By Erica Silverstein, Features Editor
The 77,000-ton 1,970-passenger Dawn Princess is the second ship in Princess Cruises' Sun class (which also includes Sea Princess and Sun Princess) and is now permanently based in Australia. The ship offers Australia/New Zealand, South Pacific, Hawaii and world cruises -- and is run like an Australian cruise ship. That means onboard prices are in Australian dollars, Vegemite replaces peanut butter at breakfast, and the fitness center runs classes like "legs, bums and tums." Unlike Princess' other ships, Dawn Princess does not offer a flexible dining option in the main dining room (passengers can dine at early or late seatings, or simply choose a different venue), and features Australian entertainers, TV and movies, and even sports games onboard.
Now considered a mid-sized ship (at least these days -- when it launched it was considered large), Dawn Princess offers a cruise experience that hews to both Princess traditions and contemporary travel styles. The ship has the requisite multi-million dollar art collection, a nice health and fitness facility, two main showrooms, an around-the-clock restaurant, a few alternative eateries, and 410 cabins with verandahs (a low ratio today but fairly revolutionary in design when the ship was launched). A 2009 refurbishment added Princess's signature adults-only Sanctuary sun deck and the giant Movies Under the Stars LED screen, as well as upgraded carpeting, upholstery and hull paint.
Dawn Princess is far more intimate than its 21st-century siblings, but that also means that facilities are neither as expansive nor as well equipped as those on the fleet's newer vessels. The size is especially felt in the Horizon Court buffet venue (where options aren't as varied as in other lido buffets), the cramped workout room and the underwhelming teen lounge. On the other hand, having two show lounges is a great way to give passengers more entertainment choices each night, and Princess really utilizes the space it does have with a wide variety of onboard activities, everything from ceramics to dance classes, game tournaments to computer workshops.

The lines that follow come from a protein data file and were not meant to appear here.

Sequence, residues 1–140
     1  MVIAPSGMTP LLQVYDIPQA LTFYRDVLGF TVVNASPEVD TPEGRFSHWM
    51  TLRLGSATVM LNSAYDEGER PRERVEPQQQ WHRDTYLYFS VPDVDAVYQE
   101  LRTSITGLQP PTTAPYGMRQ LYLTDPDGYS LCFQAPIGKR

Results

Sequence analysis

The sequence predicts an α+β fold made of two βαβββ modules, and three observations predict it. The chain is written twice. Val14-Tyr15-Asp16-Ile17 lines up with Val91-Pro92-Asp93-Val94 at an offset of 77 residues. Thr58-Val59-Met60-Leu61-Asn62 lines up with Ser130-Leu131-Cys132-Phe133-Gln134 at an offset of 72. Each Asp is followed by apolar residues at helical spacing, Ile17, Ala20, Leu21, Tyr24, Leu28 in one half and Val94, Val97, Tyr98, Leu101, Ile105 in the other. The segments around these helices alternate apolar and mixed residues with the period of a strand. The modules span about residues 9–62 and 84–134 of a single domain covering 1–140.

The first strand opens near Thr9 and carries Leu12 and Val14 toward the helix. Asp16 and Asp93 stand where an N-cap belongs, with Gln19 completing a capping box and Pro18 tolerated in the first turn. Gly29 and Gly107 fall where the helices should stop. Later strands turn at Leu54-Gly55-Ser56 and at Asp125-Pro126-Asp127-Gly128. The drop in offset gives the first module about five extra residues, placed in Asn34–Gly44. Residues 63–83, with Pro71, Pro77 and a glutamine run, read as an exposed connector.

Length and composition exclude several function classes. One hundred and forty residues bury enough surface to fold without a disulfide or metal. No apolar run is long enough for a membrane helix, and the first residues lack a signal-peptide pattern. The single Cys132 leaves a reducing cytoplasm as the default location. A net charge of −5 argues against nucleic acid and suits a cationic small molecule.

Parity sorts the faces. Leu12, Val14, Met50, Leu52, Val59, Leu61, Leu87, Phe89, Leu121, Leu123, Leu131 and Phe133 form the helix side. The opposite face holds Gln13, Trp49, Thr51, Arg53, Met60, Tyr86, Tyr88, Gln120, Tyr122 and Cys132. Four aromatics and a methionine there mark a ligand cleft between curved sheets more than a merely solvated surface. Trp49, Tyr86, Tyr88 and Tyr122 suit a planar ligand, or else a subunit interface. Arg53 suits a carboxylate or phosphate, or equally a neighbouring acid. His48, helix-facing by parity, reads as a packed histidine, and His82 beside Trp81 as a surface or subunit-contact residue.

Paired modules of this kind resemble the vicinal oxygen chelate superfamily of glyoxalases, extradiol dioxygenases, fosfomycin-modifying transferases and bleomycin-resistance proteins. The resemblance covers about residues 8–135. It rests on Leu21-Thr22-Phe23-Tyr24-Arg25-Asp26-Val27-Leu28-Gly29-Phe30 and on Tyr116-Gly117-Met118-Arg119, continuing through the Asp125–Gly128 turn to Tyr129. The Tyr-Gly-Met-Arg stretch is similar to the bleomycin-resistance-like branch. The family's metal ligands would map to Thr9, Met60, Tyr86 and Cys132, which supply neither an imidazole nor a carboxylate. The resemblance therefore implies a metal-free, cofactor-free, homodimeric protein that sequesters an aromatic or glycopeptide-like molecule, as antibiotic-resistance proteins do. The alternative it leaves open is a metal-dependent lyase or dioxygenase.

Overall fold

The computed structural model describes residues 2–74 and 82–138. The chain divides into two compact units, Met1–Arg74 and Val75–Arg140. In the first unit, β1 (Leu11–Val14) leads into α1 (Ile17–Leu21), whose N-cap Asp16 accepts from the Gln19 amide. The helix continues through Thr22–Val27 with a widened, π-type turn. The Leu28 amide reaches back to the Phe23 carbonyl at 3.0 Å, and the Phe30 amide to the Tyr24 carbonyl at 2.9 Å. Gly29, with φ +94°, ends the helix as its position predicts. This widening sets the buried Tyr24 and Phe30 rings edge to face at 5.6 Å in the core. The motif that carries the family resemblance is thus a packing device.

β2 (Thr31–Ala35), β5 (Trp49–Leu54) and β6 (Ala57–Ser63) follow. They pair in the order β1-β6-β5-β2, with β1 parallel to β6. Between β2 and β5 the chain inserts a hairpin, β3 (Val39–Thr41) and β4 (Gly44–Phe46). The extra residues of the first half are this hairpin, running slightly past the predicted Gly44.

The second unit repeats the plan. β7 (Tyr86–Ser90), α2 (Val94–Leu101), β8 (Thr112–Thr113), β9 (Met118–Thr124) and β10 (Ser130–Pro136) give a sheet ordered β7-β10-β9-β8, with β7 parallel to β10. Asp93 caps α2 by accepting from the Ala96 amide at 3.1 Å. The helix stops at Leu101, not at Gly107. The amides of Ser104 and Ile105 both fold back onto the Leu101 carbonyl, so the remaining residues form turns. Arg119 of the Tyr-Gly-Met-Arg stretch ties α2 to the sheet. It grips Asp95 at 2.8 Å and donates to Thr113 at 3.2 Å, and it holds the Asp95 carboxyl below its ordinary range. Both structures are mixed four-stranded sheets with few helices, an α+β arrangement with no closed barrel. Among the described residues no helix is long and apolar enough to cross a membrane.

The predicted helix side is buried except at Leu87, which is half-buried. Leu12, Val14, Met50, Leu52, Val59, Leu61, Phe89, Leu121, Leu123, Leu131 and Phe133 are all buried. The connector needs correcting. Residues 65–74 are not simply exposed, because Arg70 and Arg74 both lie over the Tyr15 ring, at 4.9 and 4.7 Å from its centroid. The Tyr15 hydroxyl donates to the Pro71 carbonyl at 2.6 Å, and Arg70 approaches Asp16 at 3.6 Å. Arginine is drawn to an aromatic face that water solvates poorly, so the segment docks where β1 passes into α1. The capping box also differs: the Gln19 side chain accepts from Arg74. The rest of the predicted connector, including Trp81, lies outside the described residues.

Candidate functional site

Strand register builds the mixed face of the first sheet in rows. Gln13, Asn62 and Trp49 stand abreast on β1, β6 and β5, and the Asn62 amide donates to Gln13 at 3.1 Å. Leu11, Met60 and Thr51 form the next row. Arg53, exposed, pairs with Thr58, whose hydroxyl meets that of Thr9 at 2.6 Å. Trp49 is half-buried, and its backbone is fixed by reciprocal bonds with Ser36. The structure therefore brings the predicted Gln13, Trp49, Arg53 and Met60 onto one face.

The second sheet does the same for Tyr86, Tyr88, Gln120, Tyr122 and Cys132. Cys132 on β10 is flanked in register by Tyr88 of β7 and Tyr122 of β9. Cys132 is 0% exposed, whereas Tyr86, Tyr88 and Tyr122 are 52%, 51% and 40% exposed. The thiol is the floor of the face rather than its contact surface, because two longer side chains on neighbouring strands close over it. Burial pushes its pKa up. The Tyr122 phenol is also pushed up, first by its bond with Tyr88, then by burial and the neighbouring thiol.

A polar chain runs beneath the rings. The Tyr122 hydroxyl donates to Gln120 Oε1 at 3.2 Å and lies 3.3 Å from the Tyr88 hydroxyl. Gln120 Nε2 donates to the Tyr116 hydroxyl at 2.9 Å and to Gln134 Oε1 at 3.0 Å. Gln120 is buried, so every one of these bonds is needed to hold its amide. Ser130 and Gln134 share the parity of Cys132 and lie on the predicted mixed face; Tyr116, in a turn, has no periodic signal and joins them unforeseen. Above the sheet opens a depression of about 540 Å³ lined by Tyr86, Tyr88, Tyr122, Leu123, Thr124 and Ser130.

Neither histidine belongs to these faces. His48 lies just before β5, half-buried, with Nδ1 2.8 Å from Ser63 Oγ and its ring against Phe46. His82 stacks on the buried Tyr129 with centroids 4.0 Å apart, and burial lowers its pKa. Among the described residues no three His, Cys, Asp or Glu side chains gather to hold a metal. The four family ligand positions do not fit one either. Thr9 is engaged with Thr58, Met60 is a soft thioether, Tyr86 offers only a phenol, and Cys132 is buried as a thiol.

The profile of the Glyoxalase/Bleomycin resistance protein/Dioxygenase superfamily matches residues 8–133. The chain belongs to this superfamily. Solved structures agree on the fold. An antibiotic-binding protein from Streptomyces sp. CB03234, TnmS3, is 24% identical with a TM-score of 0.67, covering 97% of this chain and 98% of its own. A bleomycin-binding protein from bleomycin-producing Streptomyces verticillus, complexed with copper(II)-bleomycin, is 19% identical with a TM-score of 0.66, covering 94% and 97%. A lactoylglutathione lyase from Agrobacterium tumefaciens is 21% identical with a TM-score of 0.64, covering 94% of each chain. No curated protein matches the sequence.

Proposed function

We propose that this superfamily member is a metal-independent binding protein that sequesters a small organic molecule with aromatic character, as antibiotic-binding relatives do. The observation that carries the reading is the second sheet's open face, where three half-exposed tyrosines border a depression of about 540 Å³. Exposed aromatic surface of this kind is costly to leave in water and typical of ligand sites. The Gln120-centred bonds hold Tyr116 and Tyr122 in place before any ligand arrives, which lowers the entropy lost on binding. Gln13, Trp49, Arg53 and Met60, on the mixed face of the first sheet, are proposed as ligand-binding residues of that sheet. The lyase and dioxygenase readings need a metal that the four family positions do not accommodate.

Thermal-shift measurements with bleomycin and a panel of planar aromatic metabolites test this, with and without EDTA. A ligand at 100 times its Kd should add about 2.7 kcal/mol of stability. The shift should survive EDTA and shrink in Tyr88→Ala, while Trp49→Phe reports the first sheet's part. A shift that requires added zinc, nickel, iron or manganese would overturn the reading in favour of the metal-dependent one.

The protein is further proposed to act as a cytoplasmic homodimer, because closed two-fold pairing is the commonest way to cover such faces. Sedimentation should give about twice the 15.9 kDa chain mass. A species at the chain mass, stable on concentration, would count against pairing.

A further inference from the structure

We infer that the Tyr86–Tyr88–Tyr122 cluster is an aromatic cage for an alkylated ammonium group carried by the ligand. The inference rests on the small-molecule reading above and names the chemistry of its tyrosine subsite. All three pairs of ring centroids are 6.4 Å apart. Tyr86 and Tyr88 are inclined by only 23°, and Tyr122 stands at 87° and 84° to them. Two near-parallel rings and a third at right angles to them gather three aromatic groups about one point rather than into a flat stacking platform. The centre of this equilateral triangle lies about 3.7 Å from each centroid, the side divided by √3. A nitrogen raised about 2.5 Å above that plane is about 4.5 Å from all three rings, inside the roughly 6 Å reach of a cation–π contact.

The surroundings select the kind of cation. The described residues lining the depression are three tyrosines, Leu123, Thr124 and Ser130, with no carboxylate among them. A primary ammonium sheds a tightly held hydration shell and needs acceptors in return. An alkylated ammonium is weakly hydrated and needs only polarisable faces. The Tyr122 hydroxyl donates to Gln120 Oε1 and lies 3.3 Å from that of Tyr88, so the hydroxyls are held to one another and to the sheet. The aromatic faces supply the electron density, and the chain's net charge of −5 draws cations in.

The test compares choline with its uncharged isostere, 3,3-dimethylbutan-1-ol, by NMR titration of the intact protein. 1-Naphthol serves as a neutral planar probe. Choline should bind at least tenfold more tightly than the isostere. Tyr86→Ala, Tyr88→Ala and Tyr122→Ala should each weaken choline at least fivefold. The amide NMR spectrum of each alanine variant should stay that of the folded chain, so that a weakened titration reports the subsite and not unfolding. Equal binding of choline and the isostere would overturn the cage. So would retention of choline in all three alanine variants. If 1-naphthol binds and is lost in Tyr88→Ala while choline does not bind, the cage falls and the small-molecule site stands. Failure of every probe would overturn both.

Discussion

Dawn Princess attracts the experienced cruiser who has done shorter cruises on other lines and is now venturing out into longer sailings on an upgraded class of ship.
Dawn Princess Fellow Passengers
Dawn Princess passengers are mostly Australians, with a smattering of New Zealanders, now that the ship is permanently based in Australia. The ship's long itineraries attract a high number of seniors, especially in the off season and on the annual world cruise. However, during more attractive cruising periods, the ship does get a wide variety of passengers, including families and teachers on holiday.
Dawn Princess guests tend to be experienced travelers and cruisers, and many have done shorter cruises on other cruise lines (including sister company P&O Australia).
Dawn Princess Dress Code
Daytime dress is casual. Evening dress codes are either smart casual or formal. Princess defines smart casual as "what would be worn to a nice restaurant at home." Inappropriate clothing items include beach wear, shorts, baseball caps or casual jeans (frayed or with holes). Formal attire includes evening gowns, cocktail dresses or elegant pant suits for woman, and tuxedoes, dark suits or jacket and slacks for men. There are typically one to two formal nights per week.
Dawn Princess Gratuity
Ten AUD per person, per day is assessed for passengers in both staterooms and suites. Passengers can change or remove gratuities from their onboard account at the purser's desk, and then tip appropriate crewmembers in person.
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